There are serendipitous moments in history, and then there are serendipitous moments about history. In May 2017, Dr. Philip Mead, chief historian and director of curatorial affairs at the Museum of the American Revolution, found himself knee deep in one of those very moments when he stumbled upon a watercolor of George Washington’s camp at Verplanck’s Point on the Hudson River.
Time travel through art
Mead says he was browsing online auctions for items that would fit into the museum’s newest exhibition featuring Washington’s original marquee tent, which had opened just a few months prior. “I immediately was excited by it because it’s one of so few images we have of the Continental Army in camp, and more than that, it was a panoramic watercolor view,” he says. “It was almost like time traveling.”
The painting, created in 1782, was particularly unique in its representation of Washington’s tent among those of his troops at the encampment, something that no other painting from the era has. Some in-depth sleuthing led Mead and Dr. R. Scott Stephenson, the Museum’s Vice President of Collections, Exhibitions and Programming, to the watercolor’s creator: French-born artist, engineer, and officer Pierre Charles L’Enfant. L’Enfant was the artist behind the panoramic view of West Point, now shown at the Library of Congress, and he would later go on to design the plan for Washington, D.C.
Washington in war
The Verplanck’s Point painting measures 84.25 by 8.75 inches and depicts Washington’s tent seated at a hilltop overlooking hundreds of military tents in Hudson Valley. The location of the tent is significant, and serves as a visual corroboration of something Washington was most known for — his loyalty to his troops.
“[Washington] set up his tent at times deliberately, to show that he was willing to share the hardships of his men, and then that became a really critical source of authority for him at the moment. Late in the Revolutionary War when this watercolor was done, Washington faced an emerging resistance from his own officers who were dissatisfied by their treatment from Congress during the war,” Mead explains. “He was able to diffuse that by pointing to his shared sacrifices in the field.”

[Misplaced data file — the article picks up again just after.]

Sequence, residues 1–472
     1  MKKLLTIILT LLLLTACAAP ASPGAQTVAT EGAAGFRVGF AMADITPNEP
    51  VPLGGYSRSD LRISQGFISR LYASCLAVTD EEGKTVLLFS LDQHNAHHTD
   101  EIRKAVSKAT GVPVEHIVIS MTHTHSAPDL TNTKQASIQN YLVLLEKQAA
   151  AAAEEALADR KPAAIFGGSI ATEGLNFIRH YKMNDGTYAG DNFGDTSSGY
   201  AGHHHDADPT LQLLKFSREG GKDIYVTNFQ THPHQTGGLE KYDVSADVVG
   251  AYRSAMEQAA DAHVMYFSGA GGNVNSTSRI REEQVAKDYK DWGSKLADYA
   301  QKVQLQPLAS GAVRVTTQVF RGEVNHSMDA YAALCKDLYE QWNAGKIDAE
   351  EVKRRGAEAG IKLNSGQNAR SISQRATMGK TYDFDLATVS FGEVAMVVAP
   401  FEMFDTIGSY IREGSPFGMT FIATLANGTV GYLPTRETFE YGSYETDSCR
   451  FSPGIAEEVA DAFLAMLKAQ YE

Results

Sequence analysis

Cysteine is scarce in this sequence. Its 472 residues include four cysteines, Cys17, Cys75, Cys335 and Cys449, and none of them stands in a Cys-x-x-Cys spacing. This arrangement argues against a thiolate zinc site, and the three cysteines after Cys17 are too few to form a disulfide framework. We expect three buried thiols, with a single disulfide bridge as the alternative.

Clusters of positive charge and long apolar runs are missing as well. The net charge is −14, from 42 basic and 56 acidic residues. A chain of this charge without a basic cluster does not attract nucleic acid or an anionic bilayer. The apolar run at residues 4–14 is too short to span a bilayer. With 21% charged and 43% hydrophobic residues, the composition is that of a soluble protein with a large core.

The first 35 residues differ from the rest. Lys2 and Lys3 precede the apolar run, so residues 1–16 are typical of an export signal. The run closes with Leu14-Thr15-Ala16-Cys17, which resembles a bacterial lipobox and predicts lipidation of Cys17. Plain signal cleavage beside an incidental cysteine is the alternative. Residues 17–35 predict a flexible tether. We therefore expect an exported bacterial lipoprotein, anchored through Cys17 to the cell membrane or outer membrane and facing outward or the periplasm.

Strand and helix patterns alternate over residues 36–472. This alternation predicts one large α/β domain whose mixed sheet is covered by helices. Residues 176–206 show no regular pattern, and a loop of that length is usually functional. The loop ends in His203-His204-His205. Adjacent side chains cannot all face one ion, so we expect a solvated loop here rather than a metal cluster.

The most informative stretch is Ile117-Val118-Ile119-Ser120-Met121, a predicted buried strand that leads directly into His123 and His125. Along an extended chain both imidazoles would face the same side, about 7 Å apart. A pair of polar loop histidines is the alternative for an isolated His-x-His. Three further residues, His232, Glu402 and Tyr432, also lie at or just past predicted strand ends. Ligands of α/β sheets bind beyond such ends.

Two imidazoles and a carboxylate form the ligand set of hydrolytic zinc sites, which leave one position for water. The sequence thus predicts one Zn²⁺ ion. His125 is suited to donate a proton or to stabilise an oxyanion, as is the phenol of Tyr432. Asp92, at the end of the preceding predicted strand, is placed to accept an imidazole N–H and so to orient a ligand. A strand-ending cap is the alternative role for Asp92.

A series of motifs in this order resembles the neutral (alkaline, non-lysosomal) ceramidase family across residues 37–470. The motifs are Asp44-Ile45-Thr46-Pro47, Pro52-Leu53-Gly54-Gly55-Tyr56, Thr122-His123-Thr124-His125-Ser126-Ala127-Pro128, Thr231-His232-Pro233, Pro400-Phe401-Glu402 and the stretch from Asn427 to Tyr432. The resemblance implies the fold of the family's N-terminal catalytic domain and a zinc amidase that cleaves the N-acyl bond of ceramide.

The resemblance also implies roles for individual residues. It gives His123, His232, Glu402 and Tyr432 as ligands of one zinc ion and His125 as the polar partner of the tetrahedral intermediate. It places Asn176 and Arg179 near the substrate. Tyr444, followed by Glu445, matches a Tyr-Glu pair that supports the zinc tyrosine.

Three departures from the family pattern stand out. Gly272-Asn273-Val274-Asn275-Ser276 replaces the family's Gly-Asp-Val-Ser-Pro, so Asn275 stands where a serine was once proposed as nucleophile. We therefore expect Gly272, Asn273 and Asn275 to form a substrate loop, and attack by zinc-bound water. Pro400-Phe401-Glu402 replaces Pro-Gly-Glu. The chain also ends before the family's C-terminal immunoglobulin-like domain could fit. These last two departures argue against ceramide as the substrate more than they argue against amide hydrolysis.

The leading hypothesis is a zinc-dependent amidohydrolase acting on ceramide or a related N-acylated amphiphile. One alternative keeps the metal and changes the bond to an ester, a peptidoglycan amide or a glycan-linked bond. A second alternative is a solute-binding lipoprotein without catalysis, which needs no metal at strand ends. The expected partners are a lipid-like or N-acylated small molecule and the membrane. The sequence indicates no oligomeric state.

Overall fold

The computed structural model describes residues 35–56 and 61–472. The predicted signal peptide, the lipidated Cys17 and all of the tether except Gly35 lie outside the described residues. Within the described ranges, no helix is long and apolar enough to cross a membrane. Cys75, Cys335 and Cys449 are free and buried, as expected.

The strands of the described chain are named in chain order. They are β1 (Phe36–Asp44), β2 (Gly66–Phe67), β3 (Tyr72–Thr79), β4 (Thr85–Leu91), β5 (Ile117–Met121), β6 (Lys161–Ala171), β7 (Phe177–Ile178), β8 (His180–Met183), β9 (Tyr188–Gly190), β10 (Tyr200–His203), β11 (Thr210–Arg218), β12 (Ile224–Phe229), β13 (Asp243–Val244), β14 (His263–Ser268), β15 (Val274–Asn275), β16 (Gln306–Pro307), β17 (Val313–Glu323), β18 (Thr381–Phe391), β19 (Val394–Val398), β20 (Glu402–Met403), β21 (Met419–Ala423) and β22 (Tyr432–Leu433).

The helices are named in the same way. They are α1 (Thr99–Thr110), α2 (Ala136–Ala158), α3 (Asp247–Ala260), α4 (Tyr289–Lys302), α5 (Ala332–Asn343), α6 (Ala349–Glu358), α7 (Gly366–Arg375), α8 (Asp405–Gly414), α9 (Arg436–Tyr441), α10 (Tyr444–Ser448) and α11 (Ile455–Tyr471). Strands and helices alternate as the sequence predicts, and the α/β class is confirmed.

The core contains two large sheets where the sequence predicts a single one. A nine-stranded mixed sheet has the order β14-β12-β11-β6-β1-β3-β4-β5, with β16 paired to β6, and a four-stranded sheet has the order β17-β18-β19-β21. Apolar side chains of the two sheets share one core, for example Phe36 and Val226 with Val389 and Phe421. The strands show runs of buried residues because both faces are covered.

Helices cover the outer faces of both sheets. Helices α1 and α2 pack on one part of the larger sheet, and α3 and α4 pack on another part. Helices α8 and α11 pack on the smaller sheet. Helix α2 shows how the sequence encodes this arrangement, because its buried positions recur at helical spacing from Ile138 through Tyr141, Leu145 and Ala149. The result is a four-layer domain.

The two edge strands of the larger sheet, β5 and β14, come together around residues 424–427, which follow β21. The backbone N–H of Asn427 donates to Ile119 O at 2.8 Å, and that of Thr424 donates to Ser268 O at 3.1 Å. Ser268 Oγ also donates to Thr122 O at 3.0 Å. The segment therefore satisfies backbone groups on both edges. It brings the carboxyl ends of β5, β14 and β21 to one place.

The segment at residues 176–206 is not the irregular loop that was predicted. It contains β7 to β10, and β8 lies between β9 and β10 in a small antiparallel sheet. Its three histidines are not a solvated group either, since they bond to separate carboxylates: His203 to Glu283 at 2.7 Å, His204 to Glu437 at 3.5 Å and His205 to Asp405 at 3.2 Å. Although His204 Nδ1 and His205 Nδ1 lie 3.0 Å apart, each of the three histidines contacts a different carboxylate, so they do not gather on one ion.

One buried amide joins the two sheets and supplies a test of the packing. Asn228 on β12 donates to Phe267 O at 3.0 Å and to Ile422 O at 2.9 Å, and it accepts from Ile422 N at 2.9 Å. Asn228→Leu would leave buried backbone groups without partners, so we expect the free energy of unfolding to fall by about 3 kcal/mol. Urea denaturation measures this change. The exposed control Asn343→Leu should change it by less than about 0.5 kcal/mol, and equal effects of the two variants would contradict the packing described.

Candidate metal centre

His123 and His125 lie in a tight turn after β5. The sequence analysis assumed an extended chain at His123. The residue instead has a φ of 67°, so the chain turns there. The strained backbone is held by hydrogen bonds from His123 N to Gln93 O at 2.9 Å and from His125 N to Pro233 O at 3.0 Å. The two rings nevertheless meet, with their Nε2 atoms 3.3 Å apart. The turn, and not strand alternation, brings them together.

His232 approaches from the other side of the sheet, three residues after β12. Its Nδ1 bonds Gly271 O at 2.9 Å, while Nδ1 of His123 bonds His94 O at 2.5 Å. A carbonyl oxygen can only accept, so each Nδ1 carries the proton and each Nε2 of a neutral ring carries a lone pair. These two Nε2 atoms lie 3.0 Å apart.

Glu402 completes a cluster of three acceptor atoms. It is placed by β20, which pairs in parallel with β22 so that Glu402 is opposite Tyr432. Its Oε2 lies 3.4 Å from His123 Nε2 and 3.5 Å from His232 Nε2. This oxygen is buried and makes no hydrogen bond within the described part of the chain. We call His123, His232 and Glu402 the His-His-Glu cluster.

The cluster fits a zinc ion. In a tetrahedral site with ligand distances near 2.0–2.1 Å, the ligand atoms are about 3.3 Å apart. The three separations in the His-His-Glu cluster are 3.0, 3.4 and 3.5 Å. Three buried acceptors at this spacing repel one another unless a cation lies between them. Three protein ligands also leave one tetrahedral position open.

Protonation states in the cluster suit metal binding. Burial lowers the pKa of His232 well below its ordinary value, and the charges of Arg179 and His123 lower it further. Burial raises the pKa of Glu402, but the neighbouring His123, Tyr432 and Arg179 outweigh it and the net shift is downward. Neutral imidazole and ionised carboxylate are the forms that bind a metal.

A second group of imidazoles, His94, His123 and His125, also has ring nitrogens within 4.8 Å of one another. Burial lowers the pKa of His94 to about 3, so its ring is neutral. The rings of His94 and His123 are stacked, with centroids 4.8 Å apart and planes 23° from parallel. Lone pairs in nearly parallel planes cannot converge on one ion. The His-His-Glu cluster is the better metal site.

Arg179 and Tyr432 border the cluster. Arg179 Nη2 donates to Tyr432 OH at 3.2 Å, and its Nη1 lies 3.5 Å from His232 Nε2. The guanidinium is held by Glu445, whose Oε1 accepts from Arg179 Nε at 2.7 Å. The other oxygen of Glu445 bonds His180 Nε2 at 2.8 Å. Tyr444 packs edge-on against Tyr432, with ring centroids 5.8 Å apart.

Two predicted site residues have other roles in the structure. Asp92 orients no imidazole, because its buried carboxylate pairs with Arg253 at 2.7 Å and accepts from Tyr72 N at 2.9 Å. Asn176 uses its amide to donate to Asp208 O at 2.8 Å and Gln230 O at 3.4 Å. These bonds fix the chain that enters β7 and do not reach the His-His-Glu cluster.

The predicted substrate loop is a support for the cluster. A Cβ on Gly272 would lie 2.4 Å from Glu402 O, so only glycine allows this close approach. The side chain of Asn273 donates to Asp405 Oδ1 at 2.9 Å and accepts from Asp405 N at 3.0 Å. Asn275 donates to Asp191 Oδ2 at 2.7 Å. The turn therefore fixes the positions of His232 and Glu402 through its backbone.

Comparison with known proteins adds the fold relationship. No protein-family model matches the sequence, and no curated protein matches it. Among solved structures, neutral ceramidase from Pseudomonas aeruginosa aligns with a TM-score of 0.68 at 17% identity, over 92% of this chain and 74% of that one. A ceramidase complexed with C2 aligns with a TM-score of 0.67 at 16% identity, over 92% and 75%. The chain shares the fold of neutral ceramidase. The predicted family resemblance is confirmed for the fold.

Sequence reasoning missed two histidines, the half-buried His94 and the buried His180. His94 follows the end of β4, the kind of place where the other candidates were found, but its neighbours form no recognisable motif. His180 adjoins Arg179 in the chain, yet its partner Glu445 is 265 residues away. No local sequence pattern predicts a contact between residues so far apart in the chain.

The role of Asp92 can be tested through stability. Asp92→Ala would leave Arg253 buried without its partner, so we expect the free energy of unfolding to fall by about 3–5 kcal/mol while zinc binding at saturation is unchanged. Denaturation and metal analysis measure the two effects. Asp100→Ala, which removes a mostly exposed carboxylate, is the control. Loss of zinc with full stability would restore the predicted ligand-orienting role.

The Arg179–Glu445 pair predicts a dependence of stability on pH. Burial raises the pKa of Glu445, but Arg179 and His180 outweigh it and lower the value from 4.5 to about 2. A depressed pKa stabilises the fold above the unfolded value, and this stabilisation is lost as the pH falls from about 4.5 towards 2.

America’s largest city
The painting also gives insight into L’Enfant’s style as an artist. The encampment would have been the largest city in the United States at the time, and L’Enfant’s depiction of the site is relevant to historians of urban planning and design, Mead says. L’Enfant was also responsible for much of the iconography that came to represent the early American republic, including the eagle emblem of the Society of the Cincinnati. Washington was the Society’s first president and served until his death in 1799.
L’Enfant’s painting of Verplanck Point will be shown at the Museum of the Revolutionary War in an exhibition called Among His Troops: Washington’s War Tent in a Newly Discovered Watercolor, which will run from January 13 through February 19, 2018. The exhibit will feature objects used in the encampment, including uniforms, badges, and other items demonstrating the artistry of the army. The museum is also displaying Washington’s tent in a dedicated theater.
The Museum of the American Revolution is open daily from 10am to 5pm, and is located in Old City at 101 S. 3rd Street, Philadelphia. Tickets can be purchased online, by calling 215-253-6731, or at the museum. The Among His Troops exhibit is included with regular museum admission.
Above at right: A closeup of the painting shows Washington's tent in the field. (Photo courtesy of the Museum of the American Revolution.)